On November 6, 1869, college football played its first-ever competitive game.
That day, Rutgers and Princeton were the two schools to introduce the United States to college football.
Just over 150 years later on November 9, 2019, the latter team will be celebrating its role in the sport’s genesis when it takes on Dartmouth at Yankee Stadium.
“It is exciting to have a game in Yankee Stadium between two teams that will be at or near the top of the Ivy League during the week that celebrates the 150th anniversary of college football,” Ivy League Executive Director Robin Harris said. “To have one of those teams be Princeton, which played in that [first-ever] game, it is terrific how everything came together to allow us to have this celebration of Ivy league football during a quite momentous year and week.”
To help promote CFB 150 and the Dartmouth-Princeton game, the Ivy League debuted its #Ivy150 campaign last summer. From June 26 to November 23 – the final day of the Ivy League regular season – the league featured 150 consecutive days of original content.
Thus far, the entire initiative has had more than 1.85 million impressions on The Ivy League’s Twitter profile.
On August 15, The Ivy League’s Twitter post revealing that ESPN+ would host the Ivy League Football Media Day garnered at least 150,000 impressions. It broke the previous campaign record set on July 2, when its post about the birth of The Ivy League registered over 107,000 impressions.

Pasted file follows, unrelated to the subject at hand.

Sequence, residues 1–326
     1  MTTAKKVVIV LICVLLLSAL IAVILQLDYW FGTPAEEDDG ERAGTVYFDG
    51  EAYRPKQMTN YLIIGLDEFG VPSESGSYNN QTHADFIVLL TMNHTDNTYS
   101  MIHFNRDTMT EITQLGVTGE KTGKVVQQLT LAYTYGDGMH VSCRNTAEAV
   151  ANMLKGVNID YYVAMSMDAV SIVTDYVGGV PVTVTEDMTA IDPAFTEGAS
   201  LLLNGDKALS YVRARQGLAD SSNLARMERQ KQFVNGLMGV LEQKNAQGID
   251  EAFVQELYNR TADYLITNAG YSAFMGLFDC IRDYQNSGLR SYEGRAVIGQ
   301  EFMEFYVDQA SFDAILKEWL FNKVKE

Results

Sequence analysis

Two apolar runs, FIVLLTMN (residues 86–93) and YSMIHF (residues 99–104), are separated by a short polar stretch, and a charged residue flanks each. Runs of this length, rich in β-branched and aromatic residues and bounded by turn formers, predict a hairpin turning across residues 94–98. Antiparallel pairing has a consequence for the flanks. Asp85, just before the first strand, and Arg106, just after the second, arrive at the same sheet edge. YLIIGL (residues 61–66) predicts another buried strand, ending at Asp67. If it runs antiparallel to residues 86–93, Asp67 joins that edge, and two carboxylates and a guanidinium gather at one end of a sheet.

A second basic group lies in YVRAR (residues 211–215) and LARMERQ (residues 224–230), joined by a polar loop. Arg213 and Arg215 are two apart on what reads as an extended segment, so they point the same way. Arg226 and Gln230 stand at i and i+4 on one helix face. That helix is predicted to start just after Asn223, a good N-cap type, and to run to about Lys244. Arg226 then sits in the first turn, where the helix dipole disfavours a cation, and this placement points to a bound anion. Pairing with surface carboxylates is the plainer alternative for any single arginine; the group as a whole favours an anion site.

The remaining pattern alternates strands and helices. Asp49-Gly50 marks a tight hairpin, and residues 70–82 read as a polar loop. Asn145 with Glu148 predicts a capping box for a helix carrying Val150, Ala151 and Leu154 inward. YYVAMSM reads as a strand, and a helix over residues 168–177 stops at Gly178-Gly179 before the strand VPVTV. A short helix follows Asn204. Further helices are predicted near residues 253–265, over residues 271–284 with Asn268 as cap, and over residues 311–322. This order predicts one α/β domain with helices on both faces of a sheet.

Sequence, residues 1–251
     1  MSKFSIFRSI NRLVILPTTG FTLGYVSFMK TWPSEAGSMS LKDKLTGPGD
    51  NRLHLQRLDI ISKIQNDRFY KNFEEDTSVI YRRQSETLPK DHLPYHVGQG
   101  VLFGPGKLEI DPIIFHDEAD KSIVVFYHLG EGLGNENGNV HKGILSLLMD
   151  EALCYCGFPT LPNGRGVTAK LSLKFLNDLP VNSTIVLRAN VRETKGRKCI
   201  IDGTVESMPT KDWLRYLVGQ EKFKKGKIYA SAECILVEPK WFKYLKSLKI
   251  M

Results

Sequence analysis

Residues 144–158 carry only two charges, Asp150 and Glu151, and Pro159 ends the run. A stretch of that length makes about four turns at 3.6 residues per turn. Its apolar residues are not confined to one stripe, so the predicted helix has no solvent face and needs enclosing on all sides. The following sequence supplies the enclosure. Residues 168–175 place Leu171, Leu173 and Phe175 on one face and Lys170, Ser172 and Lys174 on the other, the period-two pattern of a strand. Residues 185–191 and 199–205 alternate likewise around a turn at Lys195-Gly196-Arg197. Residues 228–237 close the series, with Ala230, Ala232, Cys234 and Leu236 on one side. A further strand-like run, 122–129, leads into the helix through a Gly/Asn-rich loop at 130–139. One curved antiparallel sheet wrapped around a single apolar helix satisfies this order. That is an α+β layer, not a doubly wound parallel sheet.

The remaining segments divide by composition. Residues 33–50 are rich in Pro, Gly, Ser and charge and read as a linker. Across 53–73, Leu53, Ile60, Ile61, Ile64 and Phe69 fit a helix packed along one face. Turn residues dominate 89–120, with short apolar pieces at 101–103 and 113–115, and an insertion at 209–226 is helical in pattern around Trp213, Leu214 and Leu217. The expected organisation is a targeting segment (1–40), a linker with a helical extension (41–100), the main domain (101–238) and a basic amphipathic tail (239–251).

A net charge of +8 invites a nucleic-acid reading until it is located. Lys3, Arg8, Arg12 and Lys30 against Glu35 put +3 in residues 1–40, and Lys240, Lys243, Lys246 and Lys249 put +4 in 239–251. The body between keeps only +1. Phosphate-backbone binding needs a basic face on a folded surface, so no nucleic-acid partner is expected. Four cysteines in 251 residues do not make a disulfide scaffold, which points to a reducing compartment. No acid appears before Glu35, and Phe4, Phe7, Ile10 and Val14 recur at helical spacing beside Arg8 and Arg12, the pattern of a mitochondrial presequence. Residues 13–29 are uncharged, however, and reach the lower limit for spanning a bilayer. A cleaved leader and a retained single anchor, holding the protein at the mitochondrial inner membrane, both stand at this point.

The Ivy League’s branded team week coverage – which featured facts and stories about each of the eight-member schools – also resonated on Twitter. They occurred over two periods – July 14 through August 10 and August 18 through September 14 – and saw more than 430,000 impressions.
“Those weeks resonated well with our audience and with alumni and current student-athletes as well,” said Sam Knehans, The Ivy League’s assistant executive director of communications and championships.
Having Princeton and Dartmouth face off at Yankee Stadium was nearly three years in the making. Kevin Weiberg, executive director of CFB 150, said that talks around the 150th anniversary began as early as August 2017. With nearly 800 college-football programs on an FBS, FCS, and JUCO level, plenty was discussed about a suitable logo identity.
Once they decided on the appropriate logo, it also doubled as a uniform patch – with almost every program wearing it this season, said Weiberg.
When it came to rolling out CFB 150 anniversary celebrations, Weiberg elected to start on Aug. 24 – which featured the ESPN-televised Florida-Miami contest. The Florida-Miami affair was the third of four games that day honoring CFB 150.
Up until October 31 – the official start of CFB 150’s Anniversary Week – 10 games were played recognizing CFB 150.
The first tribute to CFB 150’s Anniversary Week took place on November 4 during Monday Night Football between the New York Giants and Dallas Cowboys. The NFL allowed players to wear helmet decals illustrating their alma mater’s logo.
Then on November 6 – the 150th anniversary of Princeton-Rutgers – Miami and Ohio played against each other on ESPN2.
But the real celebration comes in Saturday’s all-Ivy League matchup at Yankee Stadium, which Weiberg sees as a “terrific bookend for the anniversary week.”